Bolton Wanderers 1
Bradford City 2
Novak 26, Pritchard 75
By Tim Penfold
From the way the online discourse about Bradford City has been all summer, you wouldn’t have given them a chance in today’s League Cup tie against Bolton.
A poor end to last season before Covid-19 brought a premature finish, four defeats (albeit against higher level opposition) in pre-season and the departure of the club’s main striker without an obvious replacement have made City fans pessimistic about the start of the season, and with games still behind closed doors there was still a feeling of apathy rather than excitement.
City started as expected with a back three and wing backs, but with a couple of surprise starters. Reece Staunton starting on the left of the back three was maybe not a massive surprise considering his bigger role in pre-season but with Dylan Mottley-Henry unavailable Tyler French started at right wing-back – a role that he’s never been hugely familiar with. Billy Clarke got the nod behind the front two, with Callum Cooke and Elliot Watt behind him in central midfield.
It was Clarke who shone early as City made a bright start. He wriggled into space on the edge of the box then aimed a chip at the top corner which the hosts’ keeper just about managed to tip over. From the resulting corner his cross flashed across the face of goal with both Lee Novak and Anthony O’Connor inches away from tapping in. Clarke then put Novak clean through on goal and the striker really should’ve done better, with his shot put too close to the keeper.
Bolton hadn’t mustered a huge amount in response, apart from one looping cross that deceived everyone and hit the angle of post and crossbar, and it was entirely deserved when City went in front. A fine pass from Watt put French clear down the right, and his low cross was tapped in by Novak. The Bolton defending was nothing special, but City took full advantage and were clinical.
Bolton spent the rest of the half trying to respond, but bar one Delfouenso run and shot and some clever-looking set pieces they were unable to get through City’s defence. All three centre-backs coped well with Bolton’s attacks, but it was Paudie O’Connor who really stood out, dealing with everything that Bolton could throw at him.
However, City started the second half half asleep and Bolton took immediate advantage. Delfouenso got free down the right, getting away from Staunton who made an error in diving in, then his cross wasn’t properly cleared by Anthony O’Connor and Sarcevic finished it. This prompted a wobble which allowed Sarcevic to curl a shot wide from distance, and suddenly it was same old City.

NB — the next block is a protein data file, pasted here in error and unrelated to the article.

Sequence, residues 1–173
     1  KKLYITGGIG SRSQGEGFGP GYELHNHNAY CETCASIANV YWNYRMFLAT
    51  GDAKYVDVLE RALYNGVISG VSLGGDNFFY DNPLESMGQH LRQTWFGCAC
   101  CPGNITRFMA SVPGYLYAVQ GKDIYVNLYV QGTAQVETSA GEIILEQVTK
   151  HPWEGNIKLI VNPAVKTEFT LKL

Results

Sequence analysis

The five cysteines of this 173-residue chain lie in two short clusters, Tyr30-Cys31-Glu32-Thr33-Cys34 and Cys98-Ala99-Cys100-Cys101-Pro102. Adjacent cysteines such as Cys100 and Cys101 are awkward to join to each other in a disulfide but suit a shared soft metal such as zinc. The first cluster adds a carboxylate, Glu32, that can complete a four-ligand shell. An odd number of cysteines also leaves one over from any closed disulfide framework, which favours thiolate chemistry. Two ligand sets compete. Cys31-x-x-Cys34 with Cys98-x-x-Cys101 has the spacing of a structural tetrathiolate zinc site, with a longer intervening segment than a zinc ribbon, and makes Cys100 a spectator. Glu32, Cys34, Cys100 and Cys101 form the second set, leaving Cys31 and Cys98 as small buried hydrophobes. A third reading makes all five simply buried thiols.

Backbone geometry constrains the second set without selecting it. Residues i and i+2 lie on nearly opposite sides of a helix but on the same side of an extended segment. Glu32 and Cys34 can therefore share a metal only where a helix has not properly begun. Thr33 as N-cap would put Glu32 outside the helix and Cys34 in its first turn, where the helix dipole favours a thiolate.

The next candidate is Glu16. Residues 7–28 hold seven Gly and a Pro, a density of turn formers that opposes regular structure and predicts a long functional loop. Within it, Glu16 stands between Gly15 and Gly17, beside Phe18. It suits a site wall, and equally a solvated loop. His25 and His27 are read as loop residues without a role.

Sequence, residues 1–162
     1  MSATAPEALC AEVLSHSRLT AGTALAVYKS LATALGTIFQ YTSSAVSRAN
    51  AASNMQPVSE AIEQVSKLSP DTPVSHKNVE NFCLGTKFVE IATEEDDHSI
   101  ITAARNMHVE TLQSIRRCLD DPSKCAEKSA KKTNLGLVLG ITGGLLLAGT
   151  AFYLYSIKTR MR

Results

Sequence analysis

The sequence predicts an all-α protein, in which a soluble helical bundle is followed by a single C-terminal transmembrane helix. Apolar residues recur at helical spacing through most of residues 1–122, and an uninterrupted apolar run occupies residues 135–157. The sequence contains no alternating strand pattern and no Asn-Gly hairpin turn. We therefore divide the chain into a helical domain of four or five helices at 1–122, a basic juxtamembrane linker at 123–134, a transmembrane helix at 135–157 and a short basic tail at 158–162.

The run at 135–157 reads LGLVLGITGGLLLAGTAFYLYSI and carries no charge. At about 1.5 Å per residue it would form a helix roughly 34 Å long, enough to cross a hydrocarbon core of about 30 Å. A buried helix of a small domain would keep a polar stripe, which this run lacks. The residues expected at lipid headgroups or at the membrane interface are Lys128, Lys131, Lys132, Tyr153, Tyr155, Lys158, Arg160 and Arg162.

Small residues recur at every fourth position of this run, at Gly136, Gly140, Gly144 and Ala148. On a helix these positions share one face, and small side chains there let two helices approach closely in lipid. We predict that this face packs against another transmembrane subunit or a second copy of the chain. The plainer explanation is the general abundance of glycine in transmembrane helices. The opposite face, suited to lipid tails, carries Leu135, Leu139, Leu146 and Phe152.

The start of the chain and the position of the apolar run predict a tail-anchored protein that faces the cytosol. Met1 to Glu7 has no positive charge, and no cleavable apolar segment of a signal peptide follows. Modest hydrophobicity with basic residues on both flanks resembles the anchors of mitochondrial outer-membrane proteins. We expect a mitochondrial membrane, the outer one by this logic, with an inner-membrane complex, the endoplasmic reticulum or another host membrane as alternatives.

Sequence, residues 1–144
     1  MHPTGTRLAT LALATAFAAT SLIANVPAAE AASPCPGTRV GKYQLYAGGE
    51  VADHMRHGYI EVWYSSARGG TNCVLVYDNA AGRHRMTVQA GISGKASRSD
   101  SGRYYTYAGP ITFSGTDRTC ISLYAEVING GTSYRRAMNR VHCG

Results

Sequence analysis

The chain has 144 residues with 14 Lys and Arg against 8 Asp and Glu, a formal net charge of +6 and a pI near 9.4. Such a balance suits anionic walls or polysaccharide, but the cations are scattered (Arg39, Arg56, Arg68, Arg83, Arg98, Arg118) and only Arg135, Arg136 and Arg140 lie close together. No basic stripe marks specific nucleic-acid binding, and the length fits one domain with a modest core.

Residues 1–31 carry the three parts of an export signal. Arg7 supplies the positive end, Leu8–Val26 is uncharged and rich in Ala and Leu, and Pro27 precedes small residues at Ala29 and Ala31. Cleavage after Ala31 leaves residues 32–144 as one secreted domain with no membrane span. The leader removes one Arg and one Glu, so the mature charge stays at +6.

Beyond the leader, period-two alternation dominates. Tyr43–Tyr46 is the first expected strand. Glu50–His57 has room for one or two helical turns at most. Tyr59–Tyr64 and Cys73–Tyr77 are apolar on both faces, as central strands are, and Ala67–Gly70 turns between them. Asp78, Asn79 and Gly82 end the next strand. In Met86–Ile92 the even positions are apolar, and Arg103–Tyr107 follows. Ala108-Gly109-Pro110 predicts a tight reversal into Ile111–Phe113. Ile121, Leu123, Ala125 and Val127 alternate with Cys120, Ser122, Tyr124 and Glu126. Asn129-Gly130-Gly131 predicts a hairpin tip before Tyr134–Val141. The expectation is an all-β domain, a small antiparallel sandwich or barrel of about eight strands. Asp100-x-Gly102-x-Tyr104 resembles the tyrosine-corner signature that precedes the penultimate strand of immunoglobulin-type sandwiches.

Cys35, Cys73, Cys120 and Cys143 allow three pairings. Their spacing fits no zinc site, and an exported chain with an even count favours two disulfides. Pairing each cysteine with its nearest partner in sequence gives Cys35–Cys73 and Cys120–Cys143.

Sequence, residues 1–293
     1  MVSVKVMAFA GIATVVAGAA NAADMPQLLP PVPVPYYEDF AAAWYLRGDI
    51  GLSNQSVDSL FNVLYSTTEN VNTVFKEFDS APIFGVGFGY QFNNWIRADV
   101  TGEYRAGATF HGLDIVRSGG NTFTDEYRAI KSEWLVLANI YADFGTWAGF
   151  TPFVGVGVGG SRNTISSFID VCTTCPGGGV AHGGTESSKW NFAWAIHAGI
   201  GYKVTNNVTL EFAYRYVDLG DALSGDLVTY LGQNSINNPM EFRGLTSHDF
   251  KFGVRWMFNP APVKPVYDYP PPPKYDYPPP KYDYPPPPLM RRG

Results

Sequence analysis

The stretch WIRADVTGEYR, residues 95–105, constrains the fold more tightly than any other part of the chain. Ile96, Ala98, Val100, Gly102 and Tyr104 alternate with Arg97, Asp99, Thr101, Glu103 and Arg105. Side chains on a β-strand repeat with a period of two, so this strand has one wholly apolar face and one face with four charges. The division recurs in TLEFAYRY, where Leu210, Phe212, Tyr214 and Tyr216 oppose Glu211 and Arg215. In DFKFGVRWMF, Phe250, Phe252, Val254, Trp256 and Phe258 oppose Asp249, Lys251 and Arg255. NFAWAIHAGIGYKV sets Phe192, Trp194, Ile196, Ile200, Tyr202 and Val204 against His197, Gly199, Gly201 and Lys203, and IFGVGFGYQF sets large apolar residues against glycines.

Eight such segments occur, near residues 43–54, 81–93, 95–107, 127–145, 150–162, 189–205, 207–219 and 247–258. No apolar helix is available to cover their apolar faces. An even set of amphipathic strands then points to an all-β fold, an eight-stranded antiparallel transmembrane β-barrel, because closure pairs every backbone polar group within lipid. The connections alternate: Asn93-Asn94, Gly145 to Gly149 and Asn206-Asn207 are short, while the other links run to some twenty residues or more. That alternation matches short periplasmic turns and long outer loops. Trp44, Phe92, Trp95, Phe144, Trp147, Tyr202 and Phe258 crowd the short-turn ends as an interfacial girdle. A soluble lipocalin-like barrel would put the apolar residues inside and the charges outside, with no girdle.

Only it wasn’t same old City. After two and a half years of watching senior pros crumble at the first sign of pressure, it didn’t happen here. Tyler French stood out – he was able to get hold of the ball and do the simple things well, keeping it and moving us up the pitch. He linked well with Elliot Watt, who got better and better as the game went on.
Meanwhile Staunton responded to the error by stepping up a level. He brought the ball out of defence very well, adding an extra attacking threat down the left when he went forwards. It was these three players, with fifteen football league games between them, that set the example for the rest.
On the hour mark, Stuart McCall made his first switch, removing Clarke who had faded after a bright start and bringing on Harry Pritchard. This shifted the shape of the midfield – instead of Watt and Cooke as a two behind Clarke, it was Watt sitting deepest and Pritchard and Cooke pushing further forwards. This created more space around Watt, who was able to dictate the game from the base of the trio.
Pritchard has a good initial impact, finding space and linking well with Connor Wood, but it was down the right where City were able to create their winner. Anthony O’Connor had pushed forward when given the opportunity from right centre-back, but hadn’t had much joy with his crosses initially. However, this one was placed perfectly between the Bolton centre-backs, and Harry Pritchard timed his run well to loop a header over the keeper and into the net.
Bolton weren’t really able to muster a major response, kept at bay with good defending and it was City who nearly killed the game on the counter – substitute Clayton Donaldson missed a good opportunity to put Novak in, then got in behind only for his low drive to be pushed behind.
In the end the game was as comfortable as a single-goal win could be. There is still work to do on the squad – we need another right back, and some pace up front would’ve helped in the closing stages – but what we already have looks good. Elliot Watt already looks like some find in the middle of the park, whilst Paudie O’Connor looked like the player we were so pleased at getting last summer.
Reece Staunton looks ideally suited to the role on the left of the back three, and brings extra quality while bringing the ball out. He’ll make errors – all young players do – but given enough game time he could get better and better.
Everything just looks a little bit brighter than it did a week ago.
Categories: Match Reviews